Bellies or freighters who’s pulling its weight around?

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Operating freighters in a market that is putting pressure on yields is a challenging proposition. While all-cargo carriers are trying to forge ties with their passenger counterparts, combination carriers are scaling down freighter fleet and working their way out to expand their network and improve load factors.
Surya Kannoth

After years of stagnation following the global financial crisis of 2008, the air freight market finally made a marked rebound in 2017 and is on course to achieve an average tonnage gain of around 4.2 percent through 2020. While the pace is currently outracing cargo belly and freighter capacity, carriers are looking at ways to improve yields.

Aircraft manufacturer Boeing, at its annual cargo forecast, divulged that the air cargo market witnessed a 9.5 percent surge in global airfreight tonnage for the 12 months ended Nov 2017, the industry’s strongest performance since the global financial crisis. Also, IATA predicts that air cargo revenues should reach $59.2 billion in 2018, up 8.6 percent from 2017 revenues of $54.5 billion. 

In recent years, bellyhold cargo has been capturing an increasing share of the overall air cargo market. This has been a global development - primarily due to faster growth in passenger demand than cargo demand. Therefore, bellyhold cargo capacity has been growing ahead of cargo demand, diminishing the need for dedicated freighter aircraft.

“It’s (the air cargo market) mainly going to be driven via the passenger bellies,” predicts Anand Yedery, regional cargo manager - South Asia, Middle East and Africa, Cathay Pacific Cargo. Yedery further adds that the combination carrier has taken delivery of 24, A350-900s, and there are more coming in later in the year. “We have the A350-1000s coming soon and in two years down the line we have the 777-9X,” he said.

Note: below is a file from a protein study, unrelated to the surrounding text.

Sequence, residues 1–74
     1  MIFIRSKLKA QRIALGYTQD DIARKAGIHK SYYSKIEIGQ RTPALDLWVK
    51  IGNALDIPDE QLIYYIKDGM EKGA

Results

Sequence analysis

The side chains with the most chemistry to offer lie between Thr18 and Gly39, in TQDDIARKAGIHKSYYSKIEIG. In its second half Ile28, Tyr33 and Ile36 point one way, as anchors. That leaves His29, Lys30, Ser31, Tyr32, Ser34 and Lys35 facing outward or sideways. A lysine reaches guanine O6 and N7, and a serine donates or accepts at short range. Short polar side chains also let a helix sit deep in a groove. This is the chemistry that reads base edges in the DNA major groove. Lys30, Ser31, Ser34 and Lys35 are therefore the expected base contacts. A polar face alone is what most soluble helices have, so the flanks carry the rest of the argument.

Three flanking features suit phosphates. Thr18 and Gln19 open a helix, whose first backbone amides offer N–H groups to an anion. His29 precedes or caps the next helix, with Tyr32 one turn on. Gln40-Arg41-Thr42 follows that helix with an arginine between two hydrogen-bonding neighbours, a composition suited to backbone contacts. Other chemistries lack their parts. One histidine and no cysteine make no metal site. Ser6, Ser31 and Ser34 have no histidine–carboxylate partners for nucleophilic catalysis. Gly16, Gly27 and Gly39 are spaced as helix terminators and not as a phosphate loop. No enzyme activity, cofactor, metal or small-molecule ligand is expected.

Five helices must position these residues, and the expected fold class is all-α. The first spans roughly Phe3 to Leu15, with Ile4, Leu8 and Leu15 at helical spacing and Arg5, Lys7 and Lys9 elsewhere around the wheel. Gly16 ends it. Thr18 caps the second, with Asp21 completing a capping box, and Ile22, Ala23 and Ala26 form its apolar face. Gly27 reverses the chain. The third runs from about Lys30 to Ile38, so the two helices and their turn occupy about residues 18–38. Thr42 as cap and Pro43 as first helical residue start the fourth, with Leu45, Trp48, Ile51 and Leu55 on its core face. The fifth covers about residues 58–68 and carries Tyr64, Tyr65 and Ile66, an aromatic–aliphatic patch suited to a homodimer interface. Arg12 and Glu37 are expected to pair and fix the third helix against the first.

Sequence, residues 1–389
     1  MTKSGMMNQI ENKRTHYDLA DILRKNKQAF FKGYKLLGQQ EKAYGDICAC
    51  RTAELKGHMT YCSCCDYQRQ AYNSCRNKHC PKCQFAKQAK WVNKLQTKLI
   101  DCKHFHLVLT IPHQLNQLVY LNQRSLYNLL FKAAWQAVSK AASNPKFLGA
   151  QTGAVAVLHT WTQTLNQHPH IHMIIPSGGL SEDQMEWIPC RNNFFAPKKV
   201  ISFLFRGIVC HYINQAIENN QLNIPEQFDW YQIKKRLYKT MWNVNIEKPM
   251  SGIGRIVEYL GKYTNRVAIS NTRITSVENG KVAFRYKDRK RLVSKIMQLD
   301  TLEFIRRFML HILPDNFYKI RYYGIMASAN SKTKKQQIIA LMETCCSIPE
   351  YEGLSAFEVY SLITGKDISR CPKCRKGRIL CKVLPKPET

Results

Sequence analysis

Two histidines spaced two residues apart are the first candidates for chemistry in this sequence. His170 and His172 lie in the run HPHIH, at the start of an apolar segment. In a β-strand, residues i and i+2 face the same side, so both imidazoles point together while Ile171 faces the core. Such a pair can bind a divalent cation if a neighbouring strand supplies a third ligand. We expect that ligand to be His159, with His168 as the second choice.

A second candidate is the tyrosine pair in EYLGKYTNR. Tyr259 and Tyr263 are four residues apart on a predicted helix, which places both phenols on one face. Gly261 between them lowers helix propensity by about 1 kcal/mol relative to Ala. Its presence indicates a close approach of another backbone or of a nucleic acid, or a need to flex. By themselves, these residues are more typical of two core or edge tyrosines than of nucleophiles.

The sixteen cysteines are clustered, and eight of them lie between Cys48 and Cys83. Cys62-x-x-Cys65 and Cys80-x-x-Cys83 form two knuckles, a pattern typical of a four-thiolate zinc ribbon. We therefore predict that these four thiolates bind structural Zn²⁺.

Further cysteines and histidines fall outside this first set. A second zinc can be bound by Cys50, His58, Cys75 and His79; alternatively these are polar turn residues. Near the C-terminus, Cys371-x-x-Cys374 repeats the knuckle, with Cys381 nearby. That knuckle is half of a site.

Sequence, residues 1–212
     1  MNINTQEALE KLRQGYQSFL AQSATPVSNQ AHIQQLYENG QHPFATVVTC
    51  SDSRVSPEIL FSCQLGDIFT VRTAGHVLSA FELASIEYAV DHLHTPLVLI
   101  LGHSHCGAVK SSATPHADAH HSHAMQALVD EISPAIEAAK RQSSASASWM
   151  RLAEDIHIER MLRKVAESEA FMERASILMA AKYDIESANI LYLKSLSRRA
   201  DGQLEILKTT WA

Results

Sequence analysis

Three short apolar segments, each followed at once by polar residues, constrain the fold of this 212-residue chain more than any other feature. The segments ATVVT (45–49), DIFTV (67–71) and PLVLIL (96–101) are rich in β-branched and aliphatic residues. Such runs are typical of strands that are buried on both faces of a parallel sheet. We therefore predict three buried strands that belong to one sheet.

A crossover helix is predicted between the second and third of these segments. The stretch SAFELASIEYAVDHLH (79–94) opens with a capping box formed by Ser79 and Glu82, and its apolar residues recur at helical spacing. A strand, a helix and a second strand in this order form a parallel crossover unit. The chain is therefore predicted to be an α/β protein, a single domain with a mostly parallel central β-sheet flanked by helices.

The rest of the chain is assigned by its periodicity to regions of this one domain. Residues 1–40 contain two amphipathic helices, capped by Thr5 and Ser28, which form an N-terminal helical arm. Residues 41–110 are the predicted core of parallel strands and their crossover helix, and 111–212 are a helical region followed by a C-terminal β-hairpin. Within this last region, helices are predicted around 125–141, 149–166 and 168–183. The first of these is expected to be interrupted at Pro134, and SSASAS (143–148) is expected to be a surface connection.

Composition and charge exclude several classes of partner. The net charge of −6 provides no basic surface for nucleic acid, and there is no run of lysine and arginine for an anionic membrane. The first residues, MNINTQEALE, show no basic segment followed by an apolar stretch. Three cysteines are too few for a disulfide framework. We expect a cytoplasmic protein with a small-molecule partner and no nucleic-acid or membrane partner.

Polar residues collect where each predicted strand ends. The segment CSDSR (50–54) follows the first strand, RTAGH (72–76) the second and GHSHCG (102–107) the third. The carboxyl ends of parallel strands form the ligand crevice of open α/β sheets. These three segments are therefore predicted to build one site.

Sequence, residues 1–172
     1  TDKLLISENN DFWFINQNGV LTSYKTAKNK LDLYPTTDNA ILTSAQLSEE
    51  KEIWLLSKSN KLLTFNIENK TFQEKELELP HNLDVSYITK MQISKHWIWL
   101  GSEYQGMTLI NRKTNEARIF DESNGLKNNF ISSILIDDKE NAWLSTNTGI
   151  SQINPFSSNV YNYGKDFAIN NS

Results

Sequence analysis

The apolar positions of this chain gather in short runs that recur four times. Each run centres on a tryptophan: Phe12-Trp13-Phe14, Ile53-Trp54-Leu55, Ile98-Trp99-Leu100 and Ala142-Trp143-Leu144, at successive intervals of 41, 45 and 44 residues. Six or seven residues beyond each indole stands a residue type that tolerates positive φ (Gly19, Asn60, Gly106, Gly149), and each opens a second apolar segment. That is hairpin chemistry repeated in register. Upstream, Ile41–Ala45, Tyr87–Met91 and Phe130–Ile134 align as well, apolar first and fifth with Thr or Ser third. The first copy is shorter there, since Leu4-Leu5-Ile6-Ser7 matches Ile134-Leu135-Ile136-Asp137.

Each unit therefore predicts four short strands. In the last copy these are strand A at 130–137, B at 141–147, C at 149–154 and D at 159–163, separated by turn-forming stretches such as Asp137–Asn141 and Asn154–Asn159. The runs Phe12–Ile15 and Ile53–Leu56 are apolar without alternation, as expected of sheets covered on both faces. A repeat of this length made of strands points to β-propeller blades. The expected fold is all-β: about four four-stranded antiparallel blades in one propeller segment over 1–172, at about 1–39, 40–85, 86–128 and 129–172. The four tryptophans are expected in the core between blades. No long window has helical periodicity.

“The interesting thing to know about all these aircraft is their ability to carry cargo. To give you an example: we have carried over 40 tonnes of cargo on a B777 passenger aircraft ex-Mumbai. That is huge cargo capacity. So really for us moving forward that’s the growth in terms of capacity along with our existing fleet of freighters,” he added.

That said the popularity of large widebody cargo planes has not yet waned. The current shortage has prompted efforts to get hold of ageing 747-400 passenger aircraft to revive the virtually defunct conversion programme for the type, and the MD-11F has seen a revival, with some predictions that it may remain in service until the early 2030s.

Also, with most carriers reluctant to invest in new production cargo aircraft, the converted 777 freighter is turning into a favourable proposition, despite a hefty conversion price tag.

In fact, reports suggest that Boeing could increase production of 747-8 and 777-200 freighters. This, after a scale back on production last year to six units a year for the 747-8 and five per month for the 777. Several carriers including Qatar Airways, Lufthansa Cargo and All Nippon Airways have placed orders for 777-200Fs.